The local Anglican priest does her best to comfort prisoners, holding several church services at the jail on Sundays, and counselling prisoners on several other days throughout the week.
“To tell you the truth, God called me to it, or I wouldn't be here,” she said. “That's all I know. I have compassion for them, I have understanding for them and I will try to help them in any way I can.”
On two occasions, though, Rollins has done something which she said was “very difficult.” She accompanied jail officials as they broke the news to family members of prisoners who have committed suicide behind bars.
“I feel it's a privilege to be there to sort of give them a hug, because maybe I've talked to that inmate a few days before,” she said.
“Maybe they've shared things with me, and so I'm in a place where I can say 'I know they loved you and they just thrived so much on your being able to visit them.' It's good to be able to bring that comfort to the family.”
Rollins was in front of the Sudbury Jail with about 20 other people Aug. 9 as part of a ceremony in honour of Prisoners' Justice Day, which commemorates the men and women who have died from unnatural deaths inside prisons and penitentiaries.
The priest led the participants in prayer, a group of musicians played hymns, and a drumming group from the N'Swakamok Native Friendship Centre played an honour song.
Paper lanterns decorated by female prisoners participating in an Elizabeth Fry Society – Sudbury chapter's arts and crafts program were also placed on the steps outside the jail.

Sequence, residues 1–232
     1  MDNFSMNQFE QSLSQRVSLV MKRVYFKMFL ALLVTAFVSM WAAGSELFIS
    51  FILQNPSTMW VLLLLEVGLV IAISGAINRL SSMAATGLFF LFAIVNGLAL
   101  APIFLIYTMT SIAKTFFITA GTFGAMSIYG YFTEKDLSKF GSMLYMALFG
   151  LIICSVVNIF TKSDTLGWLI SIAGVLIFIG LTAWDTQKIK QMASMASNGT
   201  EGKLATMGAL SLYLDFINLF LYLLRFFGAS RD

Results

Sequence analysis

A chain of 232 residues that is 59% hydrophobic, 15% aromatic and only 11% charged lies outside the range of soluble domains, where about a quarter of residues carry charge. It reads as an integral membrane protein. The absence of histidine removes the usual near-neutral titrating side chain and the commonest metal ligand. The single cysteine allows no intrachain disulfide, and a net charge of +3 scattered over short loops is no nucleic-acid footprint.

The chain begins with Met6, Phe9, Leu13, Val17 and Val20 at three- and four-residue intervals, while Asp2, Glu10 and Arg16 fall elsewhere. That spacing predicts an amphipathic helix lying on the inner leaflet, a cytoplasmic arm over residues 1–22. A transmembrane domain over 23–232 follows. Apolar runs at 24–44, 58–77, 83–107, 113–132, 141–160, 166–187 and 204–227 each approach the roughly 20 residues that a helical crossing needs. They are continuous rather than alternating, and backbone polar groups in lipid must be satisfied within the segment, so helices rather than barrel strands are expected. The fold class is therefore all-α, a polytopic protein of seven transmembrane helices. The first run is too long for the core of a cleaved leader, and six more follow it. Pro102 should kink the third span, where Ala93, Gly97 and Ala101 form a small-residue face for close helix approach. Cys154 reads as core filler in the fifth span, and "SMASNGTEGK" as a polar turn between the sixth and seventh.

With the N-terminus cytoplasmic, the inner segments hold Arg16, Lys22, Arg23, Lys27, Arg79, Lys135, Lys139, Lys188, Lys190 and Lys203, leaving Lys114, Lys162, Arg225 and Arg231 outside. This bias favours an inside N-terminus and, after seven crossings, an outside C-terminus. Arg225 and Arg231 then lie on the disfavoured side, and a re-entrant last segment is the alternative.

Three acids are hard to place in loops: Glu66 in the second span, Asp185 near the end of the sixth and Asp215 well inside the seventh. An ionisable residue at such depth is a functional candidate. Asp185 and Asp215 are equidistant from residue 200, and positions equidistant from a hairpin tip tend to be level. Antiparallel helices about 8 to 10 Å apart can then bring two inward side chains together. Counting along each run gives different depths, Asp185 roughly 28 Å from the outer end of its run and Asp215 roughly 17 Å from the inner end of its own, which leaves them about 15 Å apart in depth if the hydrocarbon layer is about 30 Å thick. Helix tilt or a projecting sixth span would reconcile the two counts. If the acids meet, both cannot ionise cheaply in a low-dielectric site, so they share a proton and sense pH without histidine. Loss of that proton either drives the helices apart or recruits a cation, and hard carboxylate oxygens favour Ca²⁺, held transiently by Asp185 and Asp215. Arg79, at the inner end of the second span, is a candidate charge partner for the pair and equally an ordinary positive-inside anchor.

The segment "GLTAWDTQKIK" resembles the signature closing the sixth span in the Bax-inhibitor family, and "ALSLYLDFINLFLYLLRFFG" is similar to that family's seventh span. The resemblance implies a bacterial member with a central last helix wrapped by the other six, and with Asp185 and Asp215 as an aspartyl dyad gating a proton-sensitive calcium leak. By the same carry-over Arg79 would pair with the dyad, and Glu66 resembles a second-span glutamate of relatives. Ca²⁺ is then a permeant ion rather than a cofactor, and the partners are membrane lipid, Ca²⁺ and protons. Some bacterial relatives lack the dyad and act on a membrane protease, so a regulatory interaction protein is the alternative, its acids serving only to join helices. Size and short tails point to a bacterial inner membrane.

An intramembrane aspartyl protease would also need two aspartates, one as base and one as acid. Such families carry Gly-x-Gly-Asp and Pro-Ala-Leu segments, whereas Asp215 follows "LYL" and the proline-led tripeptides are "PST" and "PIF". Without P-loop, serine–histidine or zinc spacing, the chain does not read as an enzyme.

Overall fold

“The women created these bags, and they will be out here in front of the jail from now until late tomorrow evening, and they will be all lit up.”
John Rimore, executive director of the John Howard Society of Sudbury, said the official date for Prisoners' Justice Day is actually Aug. 10.
“We're commemorating it today because men and women behind bars have asked us to reserve Aug. 10 for them,” he said. “It's a day where inmates fast, refuse to leave their cells and pray. So it is a prisoners- and inmates-led initiative, and we adhere to their wishes.”
Prisoners' Justice Day was started after a prisoner named Eddie Nalon committed suicide in 1974 by slashing his inner elbow, severing all the veins and arteries, while in the segregation unit of the Millhaven Maximum Security Prison.
On the one-year anniversary of Nalon's death, prisoners at Millhaven refused to work, went on a one-day hunger strike and held a memorial service, even though it meant a stint in solitary confinement.
One the second anniversary of his death, a one-day hunger strike was held in prisons across Canada. Prisoners' Justice Day is now commemorated around the world.
Rimore said the rate of violence in jails — including suicide and homicide — is much higher than in the general population.
“Our community should be very concerned about these situations and issues, because most people who are incarcerated do leave the institution,” he said.
“They serve their time and are released. If they live in a situation where there is violence, they bring that violence with them. It's very difficult to leave that violence when you come back to the community to reintegrate, to become a positive member of our society.”